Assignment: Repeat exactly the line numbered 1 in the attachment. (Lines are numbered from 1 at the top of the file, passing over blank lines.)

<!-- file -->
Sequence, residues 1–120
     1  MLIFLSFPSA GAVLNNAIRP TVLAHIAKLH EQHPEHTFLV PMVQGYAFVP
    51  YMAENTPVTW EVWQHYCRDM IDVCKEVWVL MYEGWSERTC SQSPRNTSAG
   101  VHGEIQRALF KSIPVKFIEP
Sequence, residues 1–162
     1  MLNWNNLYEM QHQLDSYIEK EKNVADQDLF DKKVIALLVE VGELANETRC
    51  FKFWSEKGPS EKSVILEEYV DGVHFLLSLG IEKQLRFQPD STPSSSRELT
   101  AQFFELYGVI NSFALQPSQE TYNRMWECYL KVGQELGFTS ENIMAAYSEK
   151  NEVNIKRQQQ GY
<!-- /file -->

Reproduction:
Sequence, residues 1–120